[AI] Climber's adventures lead to new career

Vishal Hi vishal.hi at gmail.com
Thu Sep 20 17:25:46 EDT 2007

Vail Daily News, Colorado USA

Sunday, December 17, 2006


Climber's adventures lead to new career


By Scott N. Miller


Eric Alexander has been a lift operator and ski patroller; he's now a corporate speaker Kira Horvath/Daily file photo


EAGLE-VAIL - Eric Alexander could have turned down an invitation to climb Mount Everest with a blind man. But he went, and his life changed.


Since Alexander helped his friend Eric Weihenmayer reach the summit of the world's tallest mountain in 2001, Alexander has found a new career as a corporate speaker. It's a long way from his first days in the Vail Valley as a lift operator.


Like so many others, Alexander came to the valley to play, and a lift operator's job got him a ski pass. But it also led to a job on the Vail Ski Patrol, and, eventually, a season in France in an exchange program. While on the ski patrol, he started working as a guide in the local program for blind skiers.


Alexander also avidly pursued outdoor adventures, including climbing. Through a roommate, he met Weihenmayer, a fellow climber who had been blind since the age of 13. The two started ice climbing together, then tackled some of the state's 14,000-foot peaks.


In 2000, Weihenmayer asked Alexander to go on much more challenging trip: Everest.


"It was one of those things the world told us couldn't be done," Alexander said. "People said we'd get killed, that it was a ridiculous thing to do."


But a team of climbers was put together, and went to Nepal on a practice and scouting trip in 2000. The climb to the summit was planned for 2001.


Alexander nearly didn't make it on the second trip.


A 150-foot fall


Climbing with Weihenmayer on Mount Amadablam in Nepal, Alexander fell from a 150-foot cliff. Although he wasn't critically injured, he had to be taken off the mountain by helicopter. After that fall, he developed fluid in his lungs, and a later virus led to pneumonia. That's not a good way to prepare to climb Everest.


After a lot of prayer and not much training, he decided to make the trip.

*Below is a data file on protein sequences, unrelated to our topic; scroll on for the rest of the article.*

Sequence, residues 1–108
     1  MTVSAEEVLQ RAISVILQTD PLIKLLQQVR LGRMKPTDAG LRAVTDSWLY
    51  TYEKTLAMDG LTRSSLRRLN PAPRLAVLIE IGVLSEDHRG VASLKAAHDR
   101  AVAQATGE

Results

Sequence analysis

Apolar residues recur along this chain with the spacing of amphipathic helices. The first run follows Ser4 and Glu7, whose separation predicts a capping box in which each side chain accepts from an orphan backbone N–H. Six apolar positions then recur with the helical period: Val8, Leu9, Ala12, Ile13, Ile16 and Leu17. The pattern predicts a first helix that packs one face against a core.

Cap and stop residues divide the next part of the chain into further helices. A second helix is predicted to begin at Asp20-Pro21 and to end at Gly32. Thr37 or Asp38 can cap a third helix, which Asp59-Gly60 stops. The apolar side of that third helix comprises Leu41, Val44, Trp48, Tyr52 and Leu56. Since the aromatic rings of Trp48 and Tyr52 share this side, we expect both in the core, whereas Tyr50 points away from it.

"I hoped I'd make the summit, but in reality I thought I might make the base camp, or maybe the first camp," he said.


But Alexander and Weihenmayer made it to the top. Weihenmayer remains the only blind climber to make it to the summit and back.


"What looked to be a weakness was actually a great strength," Alexander said. "We had a common focus and a common goal."


The success of that trip turned out to be a turning point for both Alexander and his friends.


'Smoking during the meeting' After the Everest trip Weihenmayer started telling groups about his adventures, and the skills and personal qualities it takes to be successful. Alexander had begun talking about his trips before going to Everest. His first audiences were church groups and the Vail Adventure Speaker Series.


With a stack of notes and a slide projector in tow, Alexander started getting more invitations to speak from other churches and schools. In 2001, after the Everest trip, Alexander received his first invitation to speak for a fee. The client was an insurance company in Evergreen.


"I'd taken one speech class in college," he said. "That was my only qualification."


But one speech led to another, and not long after returning from Everest, speaking was his main job.


"I never thought I'd be doing this for a living," he said. "It just worked out."


But speaking and climbing with others share an important quality, Alexander said.


"It's great to touch someone's heart," he said. Even the hearts of people a speaker may not share much with.


One of his more difficult speeches was to corporate meeting of cigarette maker Philip Morris.


"They were smoking during the meeting," Alexander said. "I'm not in favor of selling more cigarettes, but I talked about personal integrity and staying true to whatever you're doing."


Staying true to himself is something Alexander's good at, friend Dave Baker said.


"His attention to detail and his care for people make his speaking just as natural a fit as you can imagine," Baker said.


Traveling the world


Alexander's work has taken him to from coast to coast and as far away as the Czech Republic. But his speeches are always fueled by his outdoor adventures.


"I do this because I feel it's important to talk to people about values," he said. "It's not just stories, it's fundamentals about life."


Many of those fundamentals - teamwork, integrity, trust - are as important in an office as on a mountain, he said. And being in the outdoors with others feeds Alexander's spirit. While he's happy to talk about his last job, his eyes sparkle when talking about his latest outdoor trip.


Last summer Alexander was on an expedition with Weihenmayer that took several blind high schoolers on a 30-day trek to the ancient Incan city of Machu Picchu in Peru.


Climbing and trekking with people with physical handicaps comes naturally for Alexander, Baker said.


"You could have a guy speaking who's done a lot, but if he doesn't have the character, he's not going to be effective. Eric's success as speaking is really blending his climbing with his character."


Alexander is still sort of surprised his life has taken the course it has, but he believes there's a higher purpose to everything he's been through so far.


"You just need to be open to what comes your way," he said. "I met this guy Eric who's blind, who wanted me to climb Everest with him. How easy would it have been to say no to that?"

Vishal Jain.
Ph: 080-41140564

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